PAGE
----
In general, the conclusion of the panel is than “most menopausal women have little to fear from the adverse effects of HRT” and that the benefits of hormone therapy outweigh the risks. Still, they do suggest that the decision to take HRT should be discussed with a physician and reviewed annually.

Not surprisingly, alternative therapies are completely
discounted in the IMS guidelines and they do not support the use of any bioidentical hormones whatsoever. Moreover, they make a point to place blame on the media without providing clear examples of their claims for “superficial and uncritical evaluations” of HRT, as if all media were one and the same.

I am not quite sure what to make of these recommendations. On one hand, they claim to have reviewed all the data since WHI but this panel convened four years ago. And while they are sure to promote HRT within a cautious framework, menopause continues to be positioned as a disease requiring treatment.Indeed, one of the report authors, Dr. Roger Lobos (Columbia University, New York), says that “the bottom line is that most doctors nowadays should feel comfortable about prescribing HRT to most women going through the menopause [but] like most medicines, you need to look at individual circumstances before deciding to taken it.”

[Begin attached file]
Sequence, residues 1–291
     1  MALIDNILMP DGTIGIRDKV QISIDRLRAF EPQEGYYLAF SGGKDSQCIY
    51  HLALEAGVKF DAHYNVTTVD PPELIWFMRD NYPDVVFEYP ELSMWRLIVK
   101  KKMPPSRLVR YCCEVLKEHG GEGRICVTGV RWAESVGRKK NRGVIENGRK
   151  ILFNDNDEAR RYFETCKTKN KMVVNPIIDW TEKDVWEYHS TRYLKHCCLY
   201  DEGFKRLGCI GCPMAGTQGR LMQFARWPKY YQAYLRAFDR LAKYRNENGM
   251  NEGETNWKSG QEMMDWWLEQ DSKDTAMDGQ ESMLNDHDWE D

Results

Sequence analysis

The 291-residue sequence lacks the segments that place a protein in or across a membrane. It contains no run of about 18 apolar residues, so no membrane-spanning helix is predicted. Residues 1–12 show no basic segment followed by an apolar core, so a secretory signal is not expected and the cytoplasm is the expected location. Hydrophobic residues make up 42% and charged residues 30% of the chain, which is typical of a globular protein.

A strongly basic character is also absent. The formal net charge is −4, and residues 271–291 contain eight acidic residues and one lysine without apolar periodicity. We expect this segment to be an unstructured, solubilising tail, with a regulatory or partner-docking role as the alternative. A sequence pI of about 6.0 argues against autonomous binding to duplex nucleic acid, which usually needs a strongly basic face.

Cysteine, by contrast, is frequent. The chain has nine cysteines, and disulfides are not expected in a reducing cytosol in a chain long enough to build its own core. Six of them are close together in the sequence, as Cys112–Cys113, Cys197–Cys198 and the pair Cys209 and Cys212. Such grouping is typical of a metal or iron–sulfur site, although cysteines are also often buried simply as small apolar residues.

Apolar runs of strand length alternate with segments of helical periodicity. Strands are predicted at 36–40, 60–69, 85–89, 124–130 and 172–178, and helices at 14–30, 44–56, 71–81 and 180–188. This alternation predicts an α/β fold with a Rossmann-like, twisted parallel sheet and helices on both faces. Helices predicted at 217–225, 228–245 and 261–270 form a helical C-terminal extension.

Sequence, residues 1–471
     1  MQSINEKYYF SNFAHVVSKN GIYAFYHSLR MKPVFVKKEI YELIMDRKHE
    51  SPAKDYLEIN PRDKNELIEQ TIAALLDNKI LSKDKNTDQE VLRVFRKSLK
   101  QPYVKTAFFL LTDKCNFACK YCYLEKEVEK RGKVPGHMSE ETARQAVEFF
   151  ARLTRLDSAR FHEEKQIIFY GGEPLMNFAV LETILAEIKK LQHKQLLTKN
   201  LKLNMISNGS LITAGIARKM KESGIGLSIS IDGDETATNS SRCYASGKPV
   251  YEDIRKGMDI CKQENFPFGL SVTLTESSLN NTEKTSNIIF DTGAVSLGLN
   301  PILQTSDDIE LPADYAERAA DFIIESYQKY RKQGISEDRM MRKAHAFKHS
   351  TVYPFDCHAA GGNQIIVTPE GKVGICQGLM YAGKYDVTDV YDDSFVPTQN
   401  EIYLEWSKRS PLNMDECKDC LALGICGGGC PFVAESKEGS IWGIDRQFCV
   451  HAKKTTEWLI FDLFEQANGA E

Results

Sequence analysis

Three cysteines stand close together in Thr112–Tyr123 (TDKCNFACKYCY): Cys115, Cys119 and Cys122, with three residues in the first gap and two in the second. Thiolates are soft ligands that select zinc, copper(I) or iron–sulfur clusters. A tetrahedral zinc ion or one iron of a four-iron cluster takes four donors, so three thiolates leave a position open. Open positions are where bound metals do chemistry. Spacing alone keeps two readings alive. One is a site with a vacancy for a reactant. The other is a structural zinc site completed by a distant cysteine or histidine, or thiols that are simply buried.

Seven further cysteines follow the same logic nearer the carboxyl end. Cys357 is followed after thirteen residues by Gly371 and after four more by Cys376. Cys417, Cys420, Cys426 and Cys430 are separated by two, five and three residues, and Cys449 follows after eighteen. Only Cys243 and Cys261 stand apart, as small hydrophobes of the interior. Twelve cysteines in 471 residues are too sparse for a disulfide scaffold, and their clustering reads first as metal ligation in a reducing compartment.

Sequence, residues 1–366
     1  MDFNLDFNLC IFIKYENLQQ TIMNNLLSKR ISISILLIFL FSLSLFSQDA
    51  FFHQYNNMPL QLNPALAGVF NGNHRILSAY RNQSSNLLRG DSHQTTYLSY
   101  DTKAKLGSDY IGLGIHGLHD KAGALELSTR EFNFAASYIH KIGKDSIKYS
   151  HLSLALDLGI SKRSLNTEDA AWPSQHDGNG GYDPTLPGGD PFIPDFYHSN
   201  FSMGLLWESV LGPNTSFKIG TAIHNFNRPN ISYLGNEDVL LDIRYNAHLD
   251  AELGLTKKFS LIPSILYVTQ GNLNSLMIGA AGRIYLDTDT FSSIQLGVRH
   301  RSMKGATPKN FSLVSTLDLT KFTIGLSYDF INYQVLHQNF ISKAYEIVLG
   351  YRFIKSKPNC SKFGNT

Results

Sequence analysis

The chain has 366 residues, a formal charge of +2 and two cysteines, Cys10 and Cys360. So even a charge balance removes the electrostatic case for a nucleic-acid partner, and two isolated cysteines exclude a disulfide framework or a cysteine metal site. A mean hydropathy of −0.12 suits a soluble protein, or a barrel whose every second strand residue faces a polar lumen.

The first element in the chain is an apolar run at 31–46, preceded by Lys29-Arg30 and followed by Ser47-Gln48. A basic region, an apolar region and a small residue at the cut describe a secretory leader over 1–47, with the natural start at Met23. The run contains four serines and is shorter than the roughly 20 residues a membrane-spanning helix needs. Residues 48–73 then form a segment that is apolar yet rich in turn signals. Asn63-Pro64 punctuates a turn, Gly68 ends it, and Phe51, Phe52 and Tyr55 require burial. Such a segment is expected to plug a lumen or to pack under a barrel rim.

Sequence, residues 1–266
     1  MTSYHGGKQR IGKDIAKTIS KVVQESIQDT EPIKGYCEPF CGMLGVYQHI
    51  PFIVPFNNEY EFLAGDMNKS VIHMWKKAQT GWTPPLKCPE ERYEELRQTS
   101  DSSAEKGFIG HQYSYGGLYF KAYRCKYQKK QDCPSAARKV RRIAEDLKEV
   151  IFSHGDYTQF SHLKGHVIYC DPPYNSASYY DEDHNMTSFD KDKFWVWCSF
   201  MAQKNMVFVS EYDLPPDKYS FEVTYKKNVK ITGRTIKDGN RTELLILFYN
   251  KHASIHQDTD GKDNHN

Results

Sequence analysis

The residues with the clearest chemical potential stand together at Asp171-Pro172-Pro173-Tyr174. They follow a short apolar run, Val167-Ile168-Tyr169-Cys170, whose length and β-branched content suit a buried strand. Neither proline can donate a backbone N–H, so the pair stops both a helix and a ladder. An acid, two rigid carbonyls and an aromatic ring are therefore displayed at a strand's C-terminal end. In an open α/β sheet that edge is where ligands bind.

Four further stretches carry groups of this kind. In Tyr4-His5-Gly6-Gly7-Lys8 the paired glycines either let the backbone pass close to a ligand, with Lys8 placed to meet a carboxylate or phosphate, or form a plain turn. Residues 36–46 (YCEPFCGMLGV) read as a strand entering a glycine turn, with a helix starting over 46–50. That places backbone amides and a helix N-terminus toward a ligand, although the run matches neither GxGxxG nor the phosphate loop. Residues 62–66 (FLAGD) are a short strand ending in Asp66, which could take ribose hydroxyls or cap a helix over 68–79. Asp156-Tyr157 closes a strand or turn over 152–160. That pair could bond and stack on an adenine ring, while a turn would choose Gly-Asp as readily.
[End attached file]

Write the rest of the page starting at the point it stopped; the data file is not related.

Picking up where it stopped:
Notably, media are once again positioned as the big bad wolf that misconstrue findings and attack  pharmaceutical companies for their profit motivations.

Has anything really changed except the date of the report? Well, the good news is that the IMS acknowledges that there are risks associated with HRT, at least for some women. And yet, the report still appears lack objectivity.

Do yourself a favour. Speak to your practitioner. HRT will shut down your symptoms. Period. But you must ask yourself, at what cost? Do your research. Ask the hard questions. And then ask them again.

You may be sweating. But the issue is greater than the sum of all sweats.

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Wednesday Bubble: wrinkles and bone density – what’s the connection?

Posted by on Jun 8, 2011 in bone health, menopause, osteoporosis | 5 comments

There’s a connection between wrinkles and bones? When I caught wind of the research, I thought immediately of a Wednesday Bubble. But this one appears to be the real deal.